I looked that term up the other day and medias res is Latin for starting somewhere in the middle of the story.

While that might be a nice technique for writing a story it is a poor way to go about starting a new nation.

What we seem to have forgotten is that before we signed our Constitution where we all agreed to treat each other a certain way we killed a lot of people.

We killed all of those who opposed us and all of those who spoke in opposition to us and probably those that looked like they were going to oppose us.

Blood was the beginning of our great experiment in self-government.

I suspect that blood must always be the beginning because, unfortunately, all people are not born yearning for some form of democracy and freedom.

What we have accomplished so far in Iraq is to trick a few poor souls into believing that such a democracy can be set up without killing all those that oppose you.

We have done that by acting like the population of Iraq is akin to the combined populations of Kansas and Missouri and that with just a bit of reason and a little law enforcement to catch the really bad guys we can create a democratic country in the middle of the desert.

It is moronic.

It will get all those who ally themselves with us killed and accomplish little else.

Why? Because a constitution is the heart of any form of self-government. It must be.

A constitution is nothing more than a contract. It is a contract between the people that sets forth the basic rules of life for all those that sign that contract. We as American citizens are signatories of our contract.

We act as though our Constitution is a living creature capable of enforcing its divine will on those nearby.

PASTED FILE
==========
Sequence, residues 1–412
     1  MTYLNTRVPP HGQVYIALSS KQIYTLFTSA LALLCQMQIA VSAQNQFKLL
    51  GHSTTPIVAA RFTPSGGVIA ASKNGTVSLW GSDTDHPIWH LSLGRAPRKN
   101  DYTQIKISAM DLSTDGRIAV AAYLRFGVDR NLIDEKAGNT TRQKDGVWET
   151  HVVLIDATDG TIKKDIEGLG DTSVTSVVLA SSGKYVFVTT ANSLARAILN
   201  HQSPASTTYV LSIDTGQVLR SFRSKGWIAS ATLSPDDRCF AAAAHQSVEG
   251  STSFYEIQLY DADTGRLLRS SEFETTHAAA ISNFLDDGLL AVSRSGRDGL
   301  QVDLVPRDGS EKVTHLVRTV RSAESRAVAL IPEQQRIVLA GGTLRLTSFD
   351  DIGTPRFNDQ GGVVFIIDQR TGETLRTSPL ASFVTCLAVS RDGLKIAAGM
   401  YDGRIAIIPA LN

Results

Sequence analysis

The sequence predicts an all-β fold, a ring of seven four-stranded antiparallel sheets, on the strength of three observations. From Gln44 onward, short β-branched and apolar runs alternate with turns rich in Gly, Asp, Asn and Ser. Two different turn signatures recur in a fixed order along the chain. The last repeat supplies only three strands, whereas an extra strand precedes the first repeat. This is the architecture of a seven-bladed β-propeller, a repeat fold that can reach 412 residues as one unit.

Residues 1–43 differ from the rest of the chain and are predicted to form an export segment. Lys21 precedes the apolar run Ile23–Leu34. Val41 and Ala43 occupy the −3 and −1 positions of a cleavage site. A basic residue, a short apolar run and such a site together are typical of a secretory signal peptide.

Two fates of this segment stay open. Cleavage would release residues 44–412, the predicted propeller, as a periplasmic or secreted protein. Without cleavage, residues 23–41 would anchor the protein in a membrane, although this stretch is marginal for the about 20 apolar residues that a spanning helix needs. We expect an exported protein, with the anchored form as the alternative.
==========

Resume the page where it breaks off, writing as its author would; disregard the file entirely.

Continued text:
It is not. It is only as strong as those who sign it, and who read it, and understand it, and who believe in it.

Guess what? The Shiite’s are not going to sign the Iraqi contract.

The Tories would not have signed ours if we had just gone and asked. And, when we decided to sign it amongst ourselves and leave them out, they sent the British Army to nullify our little contract.

It was not until all those who opposed a free American state were dead or too scared to speak, that our contract was worth the paper it was printed on.

When you really think about it, the concept is simple. We use contracts in every day life. Two or more people sign them and then we expect those folks to abide by them. If one party does not then the offended party can appeal to the courts.

The whole system works because all the parties at least agree that the courts will be the final solution.

The system would fall apart if after the court decision losing party then began building pipe bombs.

That is what is happening in Iraq and that is what will continue to happen until Hades is cold. Pipe bombs and misery are the future of Iraq unless the freedom-minded people of that country exterminate the rest. During that time period there will be no Constitutional rights to free speech or prohibiting unreasonable search and seizure or guaranteeing a speedy trial. Those are rights reserved to citizens who sign the contract and the Shiite’s and company will never sign.

So arm the good guys. Arm them to the teeth. Give them every type of conventional weapons system we can.

Then black out every electronic transmission leaving Iraq as we pull our boys out.

A month later we can check back in and see if any Iraqi want to create a democracy. If there are, they will have taken the necessary steps so that a constitution can be signed by the people of Iraq that will be useful for something other than mopping up blood.